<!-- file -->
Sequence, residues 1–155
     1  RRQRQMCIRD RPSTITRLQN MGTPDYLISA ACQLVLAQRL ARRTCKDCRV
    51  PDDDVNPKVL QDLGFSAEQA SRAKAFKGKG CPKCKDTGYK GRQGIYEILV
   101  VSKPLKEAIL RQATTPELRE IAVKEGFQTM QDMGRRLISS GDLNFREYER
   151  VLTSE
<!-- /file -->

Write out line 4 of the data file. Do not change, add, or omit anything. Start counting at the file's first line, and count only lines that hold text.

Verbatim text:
   101  VSKPLKEAIL RQATTPELRE IAVKEGFQTM QDMGRRLISS GDLNFREYER